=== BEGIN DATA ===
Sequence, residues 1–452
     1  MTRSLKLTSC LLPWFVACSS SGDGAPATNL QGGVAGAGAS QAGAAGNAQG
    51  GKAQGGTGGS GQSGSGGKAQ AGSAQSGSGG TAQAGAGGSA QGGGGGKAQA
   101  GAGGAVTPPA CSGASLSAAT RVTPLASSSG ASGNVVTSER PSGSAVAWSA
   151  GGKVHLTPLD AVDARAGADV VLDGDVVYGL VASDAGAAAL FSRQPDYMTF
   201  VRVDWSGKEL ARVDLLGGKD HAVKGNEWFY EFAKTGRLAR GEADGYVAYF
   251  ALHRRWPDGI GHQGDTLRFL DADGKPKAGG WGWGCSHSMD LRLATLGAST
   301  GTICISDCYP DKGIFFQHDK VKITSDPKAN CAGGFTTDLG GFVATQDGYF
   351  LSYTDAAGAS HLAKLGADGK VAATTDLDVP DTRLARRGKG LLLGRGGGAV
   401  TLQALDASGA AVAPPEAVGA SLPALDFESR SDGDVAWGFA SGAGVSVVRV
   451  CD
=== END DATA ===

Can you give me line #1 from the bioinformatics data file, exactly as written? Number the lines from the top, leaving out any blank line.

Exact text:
Sequence, residues 1–452